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Joe Brennan - Storyteller

Monday, 23 November 2009

Joe Brennan is a storyteller who has just returned from storytelling in India.

. Joe Brennan is originally from Wexford but now lives in Donegal with his wife Joanne and his two children.
. "Joe is a natural communicator, very much at ease with any audience. Growing up in Wexford he was steeped in stories of days and characters past by both his parents. His affinity with stories, and those who inhabit them, was further deepened through his work as a teacher and radio broadcaster, and by his experiences travelling. Joe has told stories in schools, libraries, nursing homes and communitylocations across Ireland and beyond. He has also facilitated workshops in storytelling and creative writing with a wide range of groups including school children and teachers.

He has featured in numerous storytelling festivals including Cape Clear International Storytelling Festival, Wexford Stories from the Hearth Festival, Sperrins Storytelling Festival, Ulster Storytelling Festival, Cultra, and Bealtaine.

Joe is the author of the highly successful children's play "The Witchin' Well":"

What do you think is the importance of story telling today?
In the context of working with children it's about engaging them on oral basis - it's one of the things we can do to encourage kids to talk out as it will build their confidence up and it's a great way of children to use their imagination.

With an adult audience it's very immediate and intimate and I think it's a very different encounter with stories than say with theatre or film. It has a very different atmosphere. It is very immediate.

How did you become a storyteller?
Like any good story there is more than one version of it. The short version is that I was doing a course in Derry and as part of that there was a section on storytelling - Liz Weir the teacher encouraged me to take it up.

Should parents tell more stories to their children?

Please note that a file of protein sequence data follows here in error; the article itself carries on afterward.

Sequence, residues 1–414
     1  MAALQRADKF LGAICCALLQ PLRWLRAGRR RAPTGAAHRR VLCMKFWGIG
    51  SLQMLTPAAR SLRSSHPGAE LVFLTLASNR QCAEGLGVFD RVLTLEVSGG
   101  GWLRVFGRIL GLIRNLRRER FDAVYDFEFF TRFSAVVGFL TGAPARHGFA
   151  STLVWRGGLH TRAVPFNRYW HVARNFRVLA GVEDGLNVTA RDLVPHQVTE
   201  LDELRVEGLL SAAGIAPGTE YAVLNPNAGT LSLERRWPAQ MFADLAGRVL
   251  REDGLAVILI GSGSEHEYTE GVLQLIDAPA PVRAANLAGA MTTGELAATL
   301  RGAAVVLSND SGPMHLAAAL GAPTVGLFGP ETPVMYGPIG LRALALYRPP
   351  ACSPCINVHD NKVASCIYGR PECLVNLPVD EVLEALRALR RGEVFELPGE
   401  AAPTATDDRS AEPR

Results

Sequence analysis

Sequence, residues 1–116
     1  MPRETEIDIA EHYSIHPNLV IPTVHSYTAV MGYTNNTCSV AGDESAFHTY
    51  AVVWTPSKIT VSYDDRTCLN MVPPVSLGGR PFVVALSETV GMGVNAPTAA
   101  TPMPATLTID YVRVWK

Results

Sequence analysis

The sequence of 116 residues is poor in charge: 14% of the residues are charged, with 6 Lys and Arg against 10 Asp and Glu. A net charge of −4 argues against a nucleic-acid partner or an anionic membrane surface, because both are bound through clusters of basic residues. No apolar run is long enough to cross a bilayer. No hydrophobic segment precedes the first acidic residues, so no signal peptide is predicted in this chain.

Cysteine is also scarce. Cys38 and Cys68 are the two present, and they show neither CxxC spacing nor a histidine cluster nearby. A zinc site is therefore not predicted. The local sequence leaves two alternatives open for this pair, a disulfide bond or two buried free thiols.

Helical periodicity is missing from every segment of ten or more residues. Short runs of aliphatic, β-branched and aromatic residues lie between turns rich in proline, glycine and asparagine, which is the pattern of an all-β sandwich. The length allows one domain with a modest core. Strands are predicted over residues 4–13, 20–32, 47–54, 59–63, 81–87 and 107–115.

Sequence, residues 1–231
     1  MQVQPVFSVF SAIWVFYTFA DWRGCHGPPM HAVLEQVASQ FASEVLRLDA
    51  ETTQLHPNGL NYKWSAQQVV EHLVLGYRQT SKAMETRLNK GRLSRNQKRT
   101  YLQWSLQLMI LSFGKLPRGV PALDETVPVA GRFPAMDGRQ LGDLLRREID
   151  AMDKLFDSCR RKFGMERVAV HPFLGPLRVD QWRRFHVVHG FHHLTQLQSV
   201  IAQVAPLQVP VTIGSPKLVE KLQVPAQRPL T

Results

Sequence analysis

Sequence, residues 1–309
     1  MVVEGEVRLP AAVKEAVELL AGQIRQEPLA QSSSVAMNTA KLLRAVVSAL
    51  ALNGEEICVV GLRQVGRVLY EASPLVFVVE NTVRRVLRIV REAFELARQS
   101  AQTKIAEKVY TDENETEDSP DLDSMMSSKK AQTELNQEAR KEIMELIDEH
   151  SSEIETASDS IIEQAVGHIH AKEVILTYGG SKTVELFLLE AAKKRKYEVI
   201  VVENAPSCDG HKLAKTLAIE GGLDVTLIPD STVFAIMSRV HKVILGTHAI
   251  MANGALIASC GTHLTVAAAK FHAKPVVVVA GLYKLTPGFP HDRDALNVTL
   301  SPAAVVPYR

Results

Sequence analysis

Absolutely, it one of the things that I do a lot. Sometimes I work with parents that have school children and that's one thing that I would be actively encouraging them to do and to read more. I think there are a lot of kids who don't get a lot of stories told to them or said to them and you can see it in the class. It's one of those things the earlier the better.

Do you go to classrooms in Ireland to tell stories?
I do. Sometimes I go into the class and I tell stories and they listen and we have a little bit of interaction. Other times I would go in over a number of occasions and in that case I would be encouraging them to write and tell stories and I would be using drama as well.

Where do you get your inspiration from to tell stories?
There are stories that I tell quite often now as I met a young girl who's dog was called Jackie Chan and I said does the dog do Karate and she said 'no he's a dog'. I said yeah if it's called Jackie Chan it should certainly be able to do something. So went away with that for an idea for a story where the dog ends up doing karate. It comes from what people may say in passing to me.

Most of the stories I tell are short 10-15minutes. It's great for children to go on and tell stories as it's not too much for them to take in. I always say to them that storytelling is a gift and it's a gift that you can pass on to others. I hope that parents and grandparents may tell them some stories after the child says theirs. It keeps the tradition alive.